Space community gets first look at hybrid optical/RF terminal
At the 15th Australian Space Forum, Australian space research centre SmartSat Cooperative Research Centre (CRC) unveiled a new prototype terminal that aims to create more stable and secured military satellite communications.
The Compact Hybrid Optical-RF User Segment (CHORUS) prototype terminal has been entirely developed in Australia by the Defence Science and Technology Group (DSTG), along with industry and academic partners EOS Space Systems and EM Solutions, Lyrebird Antenna Research, Shoal Group, Australian National University and University of South Australia, following three years of research.
Satellite optical communications links offer significantly higher data rates and a lower interception probability than standard civilian and military radio frequency (RF) satellite communications, which are vulnerable to electronic warfare, such as jamming, geo-location and interception.
Through its hybrid technology, CHORUS aims to address the various limitations of satellite-based optical communications technology and open viable commercialisation pathways for new SATCOM capabilities.
The new CHORUS Terminal is a hybrid optical/RF system, integrating an RF antenna and an optical telescope into a system called the AntennaScope. According to SmartSat, this will ensure users have reliable communications all the time and much higher data rates when optical communication is possible.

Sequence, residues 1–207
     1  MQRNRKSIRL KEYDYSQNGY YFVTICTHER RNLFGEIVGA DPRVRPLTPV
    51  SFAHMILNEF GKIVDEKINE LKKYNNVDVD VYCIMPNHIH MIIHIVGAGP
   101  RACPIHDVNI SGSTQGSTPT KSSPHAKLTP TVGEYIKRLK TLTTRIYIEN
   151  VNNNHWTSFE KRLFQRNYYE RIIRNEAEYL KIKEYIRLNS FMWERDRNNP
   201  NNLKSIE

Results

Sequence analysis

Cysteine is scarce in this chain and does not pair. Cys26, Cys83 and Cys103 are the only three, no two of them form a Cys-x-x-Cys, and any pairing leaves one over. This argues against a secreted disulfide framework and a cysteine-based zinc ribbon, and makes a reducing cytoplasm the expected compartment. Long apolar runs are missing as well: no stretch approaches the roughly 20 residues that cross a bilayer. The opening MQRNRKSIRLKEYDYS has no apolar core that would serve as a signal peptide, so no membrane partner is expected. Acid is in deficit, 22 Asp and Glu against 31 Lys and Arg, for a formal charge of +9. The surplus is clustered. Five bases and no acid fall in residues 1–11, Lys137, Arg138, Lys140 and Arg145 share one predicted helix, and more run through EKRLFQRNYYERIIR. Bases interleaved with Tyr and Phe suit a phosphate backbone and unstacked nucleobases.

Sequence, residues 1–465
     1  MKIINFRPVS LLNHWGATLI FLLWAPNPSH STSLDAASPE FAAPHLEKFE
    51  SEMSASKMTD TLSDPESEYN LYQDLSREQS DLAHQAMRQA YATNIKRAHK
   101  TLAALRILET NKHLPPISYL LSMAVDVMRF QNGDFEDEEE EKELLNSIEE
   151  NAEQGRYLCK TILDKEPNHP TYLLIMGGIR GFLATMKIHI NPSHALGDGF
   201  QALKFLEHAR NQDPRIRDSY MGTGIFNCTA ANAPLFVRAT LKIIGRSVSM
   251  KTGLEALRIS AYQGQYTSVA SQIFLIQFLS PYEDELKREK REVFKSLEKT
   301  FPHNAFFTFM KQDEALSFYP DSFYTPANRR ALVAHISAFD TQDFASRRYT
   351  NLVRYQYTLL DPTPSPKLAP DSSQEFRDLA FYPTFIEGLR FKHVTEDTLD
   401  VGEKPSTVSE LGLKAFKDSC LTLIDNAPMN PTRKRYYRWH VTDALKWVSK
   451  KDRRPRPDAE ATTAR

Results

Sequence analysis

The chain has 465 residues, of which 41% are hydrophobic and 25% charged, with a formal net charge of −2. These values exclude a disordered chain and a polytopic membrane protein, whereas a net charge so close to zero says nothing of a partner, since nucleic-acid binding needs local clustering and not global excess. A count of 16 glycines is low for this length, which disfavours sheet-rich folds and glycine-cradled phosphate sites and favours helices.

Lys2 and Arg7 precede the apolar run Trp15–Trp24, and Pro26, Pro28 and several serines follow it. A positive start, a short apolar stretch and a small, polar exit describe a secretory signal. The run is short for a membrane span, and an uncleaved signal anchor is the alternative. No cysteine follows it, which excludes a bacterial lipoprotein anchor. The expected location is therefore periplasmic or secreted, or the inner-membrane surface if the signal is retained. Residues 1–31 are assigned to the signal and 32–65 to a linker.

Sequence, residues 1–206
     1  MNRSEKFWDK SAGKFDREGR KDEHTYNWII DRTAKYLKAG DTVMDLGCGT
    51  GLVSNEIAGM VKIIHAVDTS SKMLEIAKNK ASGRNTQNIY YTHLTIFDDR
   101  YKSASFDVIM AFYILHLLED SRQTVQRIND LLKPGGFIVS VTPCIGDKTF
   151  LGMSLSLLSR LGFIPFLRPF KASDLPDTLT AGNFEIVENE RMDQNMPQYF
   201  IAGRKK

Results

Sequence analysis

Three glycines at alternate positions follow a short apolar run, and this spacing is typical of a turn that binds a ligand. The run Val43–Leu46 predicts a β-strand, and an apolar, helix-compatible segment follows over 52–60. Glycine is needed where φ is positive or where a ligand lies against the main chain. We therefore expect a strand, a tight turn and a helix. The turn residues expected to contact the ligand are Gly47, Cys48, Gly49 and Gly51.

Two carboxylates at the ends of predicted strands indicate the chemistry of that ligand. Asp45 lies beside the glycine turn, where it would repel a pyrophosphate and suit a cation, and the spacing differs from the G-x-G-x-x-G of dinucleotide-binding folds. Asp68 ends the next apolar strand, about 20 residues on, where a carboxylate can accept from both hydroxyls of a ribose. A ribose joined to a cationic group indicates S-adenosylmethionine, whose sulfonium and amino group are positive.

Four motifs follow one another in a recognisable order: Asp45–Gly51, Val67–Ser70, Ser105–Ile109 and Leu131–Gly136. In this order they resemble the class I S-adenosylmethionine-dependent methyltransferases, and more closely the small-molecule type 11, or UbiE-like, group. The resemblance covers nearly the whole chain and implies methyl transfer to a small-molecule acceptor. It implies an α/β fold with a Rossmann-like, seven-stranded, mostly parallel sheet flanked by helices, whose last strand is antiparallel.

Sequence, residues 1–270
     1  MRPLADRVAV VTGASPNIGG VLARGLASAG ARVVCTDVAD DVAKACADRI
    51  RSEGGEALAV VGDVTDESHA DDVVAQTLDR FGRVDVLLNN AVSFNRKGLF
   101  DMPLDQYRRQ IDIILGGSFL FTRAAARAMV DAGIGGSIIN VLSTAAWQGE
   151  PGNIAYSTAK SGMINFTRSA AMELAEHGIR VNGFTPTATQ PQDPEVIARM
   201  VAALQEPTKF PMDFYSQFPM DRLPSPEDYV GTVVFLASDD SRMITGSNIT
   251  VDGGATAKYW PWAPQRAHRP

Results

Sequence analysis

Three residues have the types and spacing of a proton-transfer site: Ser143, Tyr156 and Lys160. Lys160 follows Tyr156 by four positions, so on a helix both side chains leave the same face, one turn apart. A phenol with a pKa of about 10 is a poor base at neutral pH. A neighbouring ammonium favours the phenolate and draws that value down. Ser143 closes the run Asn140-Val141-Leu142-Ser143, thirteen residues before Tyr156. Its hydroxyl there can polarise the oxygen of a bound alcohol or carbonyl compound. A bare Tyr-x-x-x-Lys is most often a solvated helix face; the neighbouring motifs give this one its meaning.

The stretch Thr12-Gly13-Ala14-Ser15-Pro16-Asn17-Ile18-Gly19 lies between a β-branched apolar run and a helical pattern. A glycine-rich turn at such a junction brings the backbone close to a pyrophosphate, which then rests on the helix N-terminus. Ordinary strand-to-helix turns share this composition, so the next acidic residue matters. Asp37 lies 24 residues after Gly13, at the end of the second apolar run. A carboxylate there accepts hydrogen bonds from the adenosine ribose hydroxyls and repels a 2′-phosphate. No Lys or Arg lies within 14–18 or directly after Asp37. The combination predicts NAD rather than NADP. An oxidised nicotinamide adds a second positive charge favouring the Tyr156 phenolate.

A recent VIP demonstration day at the Department of Defence Edinburgh base showcased the successful completion of testing and marked the practical conclusion of the two phases of the SmartSat CRC co-funded project. The unveiling of the CHORUS Terminal at the Australian Space Forum was the first opportunity for the space community to see the prototype and discuss its capabilities and potential commercial pathways with members of the R&D project team.
The project drew on impressive efforts by DSTG to support testing at their LASER range, including designing and building a ‘pseudo-satellite’ to prove the hybrid RF/Optical aperture worked as designed. The availability of an EM Solutions-provided Cobra maritime SATCOM terminal allowed the project to manufacture the AntennaScope — possibly the world’s first coaxial hybrid RF-Optical aperture.
“CHORUS has the potential to position Australia as a leader in developing and delivering an entirely new class of military satellite communications service for the Australian Defence Force and its allies,” said Professor Andy Koronios, CEO, SmartSat CRC. “This includes developing optical communications to provide higher bandwidth, lower observability and more secure communications than current RF-only technologies for tactical communications between maritime, aircraft and land vehicles.
“We believe this technology has additional commercial applications, such as commercial shipping and cruise liners. CHORUS is a testament that Australia can achieve world-first outcomes in advanced research, development and manufacturing,” Koronios concluded.
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